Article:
Phase I Study of Intermittent High-Dose Lapatinib in Tandem with Capecitabine for HER2 Overexpressed/Amplified Metastatic Breast Cancer with Central Nervous System (CNS) Metastases
Lapatinib is a drug used to treat breast cancers that overproduce a protein called HER2. Capecitabine is another drug used to breast cancer that has spread (metastasized) to another part of the body. Both drugs have been shown to have some effectiveness in treating breast cancer that has metastasized, including metastases to the brain.
To optimize the effectiveness of the combination of these two drugs, researchers in this study want to find the highest dose of lapatinib that can be given safely and intermittently with capecitabine over a four-week period in women with previously treated HER2-positive breast cancer that spread to the brain.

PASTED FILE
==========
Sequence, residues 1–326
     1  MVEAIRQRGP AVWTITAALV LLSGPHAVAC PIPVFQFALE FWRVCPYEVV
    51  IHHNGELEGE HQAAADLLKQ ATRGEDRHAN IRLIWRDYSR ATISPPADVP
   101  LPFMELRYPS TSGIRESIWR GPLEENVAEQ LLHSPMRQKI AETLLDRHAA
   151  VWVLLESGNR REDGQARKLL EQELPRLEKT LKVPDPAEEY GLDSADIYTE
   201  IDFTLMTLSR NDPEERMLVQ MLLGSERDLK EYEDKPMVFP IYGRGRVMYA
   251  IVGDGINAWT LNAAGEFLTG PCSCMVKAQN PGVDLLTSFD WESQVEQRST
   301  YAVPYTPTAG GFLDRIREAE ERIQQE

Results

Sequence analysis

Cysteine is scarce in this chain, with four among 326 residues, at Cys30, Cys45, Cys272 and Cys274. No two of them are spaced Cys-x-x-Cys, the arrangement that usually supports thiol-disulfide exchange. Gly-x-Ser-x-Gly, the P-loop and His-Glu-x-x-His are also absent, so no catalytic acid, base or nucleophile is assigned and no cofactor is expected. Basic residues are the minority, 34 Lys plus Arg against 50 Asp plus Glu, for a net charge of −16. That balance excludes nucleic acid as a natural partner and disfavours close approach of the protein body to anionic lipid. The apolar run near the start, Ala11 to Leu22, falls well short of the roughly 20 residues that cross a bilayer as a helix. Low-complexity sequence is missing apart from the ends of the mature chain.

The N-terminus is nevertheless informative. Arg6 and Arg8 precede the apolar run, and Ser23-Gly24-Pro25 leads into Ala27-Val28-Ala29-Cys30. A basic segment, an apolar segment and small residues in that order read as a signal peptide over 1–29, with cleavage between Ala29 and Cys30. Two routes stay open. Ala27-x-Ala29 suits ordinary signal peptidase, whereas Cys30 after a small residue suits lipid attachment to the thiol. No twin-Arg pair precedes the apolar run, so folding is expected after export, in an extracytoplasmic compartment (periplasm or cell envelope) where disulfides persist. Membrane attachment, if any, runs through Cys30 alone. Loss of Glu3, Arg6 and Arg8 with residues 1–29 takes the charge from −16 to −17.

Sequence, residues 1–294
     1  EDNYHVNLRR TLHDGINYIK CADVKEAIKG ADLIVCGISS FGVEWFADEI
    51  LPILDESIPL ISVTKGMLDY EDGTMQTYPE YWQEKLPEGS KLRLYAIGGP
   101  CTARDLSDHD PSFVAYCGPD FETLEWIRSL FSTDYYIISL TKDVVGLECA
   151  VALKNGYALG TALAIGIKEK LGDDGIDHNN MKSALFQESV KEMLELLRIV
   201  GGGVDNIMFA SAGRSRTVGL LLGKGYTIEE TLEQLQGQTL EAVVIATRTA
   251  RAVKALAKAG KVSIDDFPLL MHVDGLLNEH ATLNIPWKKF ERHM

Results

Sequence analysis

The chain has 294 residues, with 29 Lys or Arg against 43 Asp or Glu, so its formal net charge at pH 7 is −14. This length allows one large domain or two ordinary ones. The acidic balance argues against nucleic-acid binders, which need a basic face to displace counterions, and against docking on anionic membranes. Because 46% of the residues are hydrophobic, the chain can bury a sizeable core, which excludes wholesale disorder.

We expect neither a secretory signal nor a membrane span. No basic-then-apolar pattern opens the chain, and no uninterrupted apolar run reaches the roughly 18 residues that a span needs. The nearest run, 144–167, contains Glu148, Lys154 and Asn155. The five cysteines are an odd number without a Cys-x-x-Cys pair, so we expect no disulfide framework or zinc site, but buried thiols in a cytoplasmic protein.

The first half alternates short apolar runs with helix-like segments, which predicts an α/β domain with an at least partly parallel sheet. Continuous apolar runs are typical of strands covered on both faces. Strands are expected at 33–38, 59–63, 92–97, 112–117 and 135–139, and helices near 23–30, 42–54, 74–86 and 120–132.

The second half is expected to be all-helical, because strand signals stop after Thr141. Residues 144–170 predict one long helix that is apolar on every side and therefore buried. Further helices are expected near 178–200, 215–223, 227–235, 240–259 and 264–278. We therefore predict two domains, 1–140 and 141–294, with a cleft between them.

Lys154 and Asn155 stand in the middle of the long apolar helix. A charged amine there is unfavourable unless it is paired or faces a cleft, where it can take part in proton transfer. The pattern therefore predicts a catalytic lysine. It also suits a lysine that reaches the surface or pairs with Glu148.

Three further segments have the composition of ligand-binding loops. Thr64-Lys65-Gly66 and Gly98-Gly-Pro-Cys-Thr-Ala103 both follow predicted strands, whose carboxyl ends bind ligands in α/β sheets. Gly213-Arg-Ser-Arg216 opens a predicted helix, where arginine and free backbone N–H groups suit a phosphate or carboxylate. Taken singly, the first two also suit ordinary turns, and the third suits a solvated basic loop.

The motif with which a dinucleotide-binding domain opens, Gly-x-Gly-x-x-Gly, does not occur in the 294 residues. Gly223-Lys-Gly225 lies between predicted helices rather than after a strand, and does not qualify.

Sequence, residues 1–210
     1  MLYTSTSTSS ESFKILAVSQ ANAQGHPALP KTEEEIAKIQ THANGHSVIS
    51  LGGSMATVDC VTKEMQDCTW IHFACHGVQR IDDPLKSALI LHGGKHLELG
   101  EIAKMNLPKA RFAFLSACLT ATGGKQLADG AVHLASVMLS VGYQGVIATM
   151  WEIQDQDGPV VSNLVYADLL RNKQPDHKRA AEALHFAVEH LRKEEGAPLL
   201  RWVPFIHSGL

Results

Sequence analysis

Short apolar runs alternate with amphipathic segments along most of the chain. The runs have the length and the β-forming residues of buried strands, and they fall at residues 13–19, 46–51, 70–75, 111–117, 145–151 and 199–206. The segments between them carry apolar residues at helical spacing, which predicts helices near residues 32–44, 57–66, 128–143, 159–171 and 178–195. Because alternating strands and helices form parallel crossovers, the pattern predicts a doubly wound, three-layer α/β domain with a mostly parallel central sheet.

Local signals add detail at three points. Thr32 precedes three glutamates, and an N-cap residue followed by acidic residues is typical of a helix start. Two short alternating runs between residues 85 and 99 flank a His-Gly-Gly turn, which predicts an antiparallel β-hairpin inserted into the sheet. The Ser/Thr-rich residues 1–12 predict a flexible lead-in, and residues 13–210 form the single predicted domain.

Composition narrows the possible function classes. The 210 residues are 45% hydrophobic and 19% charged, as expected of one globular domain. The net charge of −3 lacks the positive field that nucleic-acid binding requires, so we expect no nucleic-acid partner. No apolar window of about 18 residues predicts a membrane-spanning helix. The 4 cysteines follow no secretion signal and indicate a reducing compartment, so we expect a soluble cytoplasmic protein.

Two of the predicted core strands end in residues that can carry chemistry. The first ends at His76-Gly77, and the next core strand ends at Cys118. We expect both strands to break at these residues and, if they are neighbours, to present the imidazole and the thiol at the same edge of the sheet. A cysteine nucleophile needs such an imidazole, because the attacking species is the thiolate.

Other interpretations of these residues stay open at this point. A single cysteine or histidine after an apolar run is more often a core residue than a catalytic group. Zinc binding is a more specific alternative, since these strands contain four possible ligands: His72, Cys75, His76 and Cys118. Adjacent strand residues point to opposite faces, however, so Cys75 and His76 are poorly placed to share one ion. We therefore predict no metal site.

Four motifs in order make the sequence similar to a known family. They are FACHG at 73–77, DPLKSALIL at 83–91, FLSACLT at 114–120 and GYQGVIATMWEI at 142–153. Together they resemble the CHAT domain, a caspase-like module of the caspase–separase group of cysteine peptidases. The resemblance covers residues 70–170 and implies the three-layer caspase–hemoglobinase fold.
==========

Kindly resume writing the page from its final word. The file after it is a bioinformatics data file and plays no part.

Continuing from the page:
Patients will receive lapatinib for three days during each of weeks one and three, and capecitabine for seven days in each of weeks two and four. Both drugs are taken orally (by mouth).
To be eligible for this study, patients must meet several criteria, including but not limited to the following:
- Patients must have HER2-positive breast cancer that spread to the brain and was previously treated with trastuzumab (Herceptin) or chemotherapy.
- Patients must recover from the serious side effects of prior treatments before entering the study. Prior capecitabine treatment is permitted if the last dose was given at least 6 months earlier.
- Patients must be able to walk and do routine activities for more than half of their normal waking hours.
- This study is for women age 18 and older.
For more information about this study and to inquire about eligibility, please contact Dr. Andrew Seidman at 646-888-4559.